I am strongly tempted to follow the hon. Member for Stroud (Mr. Kershaw) in his remarks about membership of the Common Market. I am particularly tempted to deal with some of the more naive and inane ones. However, I shall resist the temptation, because it seems to me that in our present economic situation it is more important to be concerned with taking the right steps to strengthen the economy, whether or not we go into the Common Market, and it is rather to this aspect of affairs that I shall devote my remarks.
When I addressed the House on the occasion of the Third Reading of the Prices and Incomes Bill, I expressed a view about the likely consequences of some aspects of the Government's policy which did not wholly commend itself to all my hon. Friends on this side of the House. Now, three months later, we have passed the stage of speculation. We are confronted with the harsh realities. We are not guessing at the consequences. They are staring us in the face, and I believe that in the present situation many people who a few months ago were prepared to give the Government the benefit of the doubt about what was likely to happen no longer feel that they can do so.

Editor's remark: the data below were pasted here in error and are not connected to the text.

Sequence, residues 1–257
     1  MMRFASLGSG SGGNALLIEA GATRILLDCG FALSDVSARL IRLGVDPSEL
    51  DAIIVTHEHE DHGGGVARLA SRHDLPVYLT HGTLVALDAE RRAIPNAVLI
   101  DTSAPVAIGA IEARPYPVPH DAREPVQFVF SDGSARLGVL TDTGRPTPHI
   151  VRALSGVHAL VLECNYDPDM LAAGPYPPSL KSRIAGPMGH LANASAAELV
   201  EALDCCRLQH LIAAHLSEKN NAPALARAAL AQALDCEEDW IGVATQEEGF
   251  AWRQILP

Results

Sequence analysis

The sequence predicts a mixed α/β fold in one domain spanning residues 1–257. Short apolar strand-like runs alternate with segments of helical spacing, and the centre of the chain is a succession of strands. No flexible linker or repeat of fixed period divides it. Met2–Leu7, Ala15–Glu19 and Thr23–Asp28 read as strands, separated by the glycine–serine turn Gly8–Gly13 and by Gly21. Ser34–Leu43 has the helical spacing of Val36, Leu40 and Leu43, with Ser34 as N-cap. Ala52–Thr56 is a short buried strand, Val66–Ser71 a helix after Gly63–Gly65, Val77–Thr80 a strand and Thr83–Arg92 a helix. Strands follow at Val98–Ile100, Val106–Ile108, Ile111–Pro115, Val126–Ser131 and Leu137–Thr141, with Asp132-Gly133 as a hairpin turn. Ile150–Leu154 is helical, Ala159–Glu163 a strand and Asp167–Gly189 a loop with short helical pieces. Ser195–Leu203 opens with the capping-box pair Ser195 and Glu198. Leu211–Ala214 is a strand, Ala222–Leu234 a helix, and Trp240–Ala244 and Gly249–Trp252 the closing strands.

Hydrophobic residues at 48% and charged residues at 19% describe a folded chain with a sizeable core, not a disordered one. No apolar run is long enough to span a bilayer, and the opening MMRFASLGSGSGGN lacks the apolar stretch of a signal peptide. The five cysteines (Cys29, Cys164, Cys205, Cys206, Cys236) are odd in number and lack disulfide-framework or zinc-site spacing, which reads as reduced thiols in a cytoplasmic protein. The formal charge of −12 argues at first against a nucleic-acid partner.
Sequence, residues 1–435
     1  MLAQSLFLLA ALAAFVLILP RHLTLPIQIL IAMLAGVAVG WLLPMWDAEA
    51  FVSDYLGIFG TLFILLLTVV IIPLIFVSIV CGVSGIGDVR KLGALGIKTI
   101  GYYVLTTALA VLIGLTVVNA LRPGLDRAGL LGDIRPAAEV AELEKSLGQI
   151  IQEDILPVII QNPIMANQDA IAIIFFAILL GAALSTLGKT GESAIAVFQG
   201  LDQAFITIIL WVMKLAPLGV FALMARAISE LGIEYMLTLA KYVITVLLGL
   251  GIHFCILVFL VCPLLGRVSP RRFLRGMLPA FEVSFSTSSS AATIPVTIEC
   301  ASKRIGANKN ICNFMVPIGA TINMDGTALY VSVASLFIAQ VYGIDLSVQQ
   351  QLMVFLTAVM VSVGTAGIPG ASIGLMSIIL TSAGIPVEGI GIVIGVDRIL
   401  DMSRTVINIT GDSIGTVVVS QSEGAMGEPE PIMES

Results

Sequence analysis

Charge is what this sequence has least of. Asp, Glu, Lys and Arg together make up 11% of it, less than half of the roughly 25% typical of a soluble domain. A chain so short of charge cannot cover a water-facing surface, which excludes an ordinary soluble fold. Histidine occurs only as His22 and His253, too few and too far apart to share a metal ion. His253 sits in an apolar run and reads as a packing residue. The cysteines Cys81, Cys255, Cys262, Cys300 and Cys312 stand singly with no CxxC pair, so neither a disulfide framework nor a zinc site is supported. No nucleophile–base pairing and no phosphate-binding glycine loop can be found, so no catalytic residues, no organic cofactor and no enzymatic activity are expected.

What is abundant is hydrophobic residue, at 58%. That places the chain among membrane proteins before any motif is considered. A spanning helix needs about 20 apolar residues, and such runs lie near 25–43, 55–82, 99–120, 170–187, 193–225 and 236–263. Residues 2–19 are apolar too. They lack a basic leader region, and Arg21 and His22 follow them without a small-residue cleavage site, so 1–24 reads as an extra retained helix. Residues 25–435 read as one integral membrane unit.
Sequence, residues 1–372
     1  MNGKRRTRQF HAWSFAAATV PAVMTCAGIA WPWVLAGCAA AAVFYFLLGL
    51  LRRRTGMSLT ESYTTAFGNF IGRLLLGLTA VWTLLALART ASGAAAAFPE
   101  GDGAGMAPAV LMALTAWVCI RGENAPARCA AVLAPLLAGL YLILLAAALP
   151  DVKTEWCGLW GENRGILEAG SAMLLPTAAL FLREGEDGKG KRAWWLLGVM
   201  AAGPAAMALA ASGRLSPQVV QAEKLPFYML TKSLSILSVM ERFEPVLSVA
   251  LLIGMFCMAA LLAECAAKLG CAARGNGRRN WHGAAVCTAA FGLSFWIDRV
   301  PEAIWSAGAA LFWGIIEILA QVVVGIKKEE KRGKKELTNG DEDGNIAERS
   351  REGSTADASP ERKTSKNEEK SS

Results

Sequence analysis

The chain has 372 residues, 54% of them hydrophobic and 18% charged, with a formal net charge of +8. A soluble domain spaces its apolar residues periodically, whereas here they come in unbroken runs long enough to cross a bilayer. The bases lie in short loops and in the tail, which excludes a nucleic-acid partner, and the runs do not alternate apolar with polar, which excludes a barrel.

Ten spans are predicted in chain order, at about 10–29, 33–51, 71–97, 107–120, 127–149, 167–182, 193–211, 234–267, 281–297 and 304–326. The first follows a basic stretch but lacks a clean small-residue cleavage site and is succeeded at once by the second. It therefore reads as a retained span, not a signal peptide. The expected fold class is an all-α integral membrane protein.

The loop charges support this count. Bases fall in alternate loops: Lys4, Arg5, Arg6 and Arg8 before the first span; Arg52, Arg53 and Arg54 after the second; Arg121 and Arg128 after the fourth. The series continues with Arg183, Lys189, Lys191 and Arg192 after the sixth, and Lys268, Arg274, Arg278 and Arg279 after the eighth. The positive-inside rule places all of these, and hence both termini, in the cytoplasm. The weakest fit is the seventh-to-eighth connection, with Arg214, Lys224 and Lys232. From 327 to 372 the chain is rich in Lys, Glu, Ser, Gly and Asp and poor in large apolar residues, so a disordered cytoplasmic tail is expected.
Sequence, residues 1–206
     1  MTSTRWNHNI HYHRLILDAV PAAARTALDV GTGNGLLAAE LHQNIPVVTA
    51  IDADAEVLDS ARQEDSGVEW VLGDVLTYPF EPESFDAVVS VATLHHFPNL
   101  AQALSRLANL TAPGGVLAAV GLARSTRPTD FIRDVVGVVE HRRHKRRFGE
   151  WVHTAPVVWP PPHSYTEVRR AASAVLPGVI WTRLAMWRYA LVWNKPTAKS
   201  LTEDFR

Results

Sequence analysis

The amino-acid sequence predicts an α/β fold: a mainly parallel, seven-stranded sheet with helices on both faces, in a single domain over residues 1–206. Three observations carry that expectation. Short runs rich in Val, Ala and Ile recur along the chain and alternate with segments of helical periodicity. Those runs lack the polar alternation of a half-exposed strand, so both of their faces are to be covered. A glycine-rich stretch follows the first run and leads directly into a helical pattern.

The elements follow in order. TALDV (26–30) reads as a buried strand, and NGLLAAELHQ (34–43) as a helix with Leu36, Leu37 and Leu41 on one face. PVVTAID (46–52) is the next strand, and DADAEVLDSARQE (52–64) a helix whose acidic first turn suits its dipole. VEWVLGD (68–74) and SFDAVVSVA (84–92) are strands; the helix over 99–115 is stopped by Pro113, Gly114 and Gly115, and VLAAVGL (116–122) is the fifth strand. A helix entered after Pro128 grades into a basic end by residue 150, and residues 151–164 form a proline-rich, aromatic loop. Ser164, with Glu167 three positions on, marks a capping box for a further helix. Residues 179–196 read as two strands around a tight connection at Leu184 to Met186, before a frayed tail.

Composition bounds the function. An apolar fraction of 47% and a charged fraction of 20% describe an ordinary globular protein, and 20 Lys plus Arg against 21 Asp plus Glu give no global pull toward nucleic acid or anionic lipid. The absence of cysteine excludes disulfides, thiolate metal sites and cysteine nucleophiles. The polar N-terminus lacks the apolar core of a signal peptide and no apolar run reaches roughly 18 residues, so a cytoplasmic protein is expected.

What has now happened is that the prices and incomes policy which the Government originally conceived as an alternative to deflation and unemployment has become their inevitable accompaniment, and the measures which in July were intended to provide us with a breathing space before we moved forward again on the path of expansion are now directly plunging us even more deeply into the path of a lasting recession. What is surprising is not that this should be so, but that the Government should ever have concluded that it could be otherwise, because we have been through the whole story before.
The July measures were in essence a reversion to Conservative economic policies which were put into operation on so many occasions by the party opposite when it was the Government between 1951 and 1964, and from which we always emerged weaker at the end of the day. Confronted by a balance of payments crisis the party opposite sought to stave off further debt by means of cutting home demand and instituting a credit squeeze and a pay pause—and the results were always the same.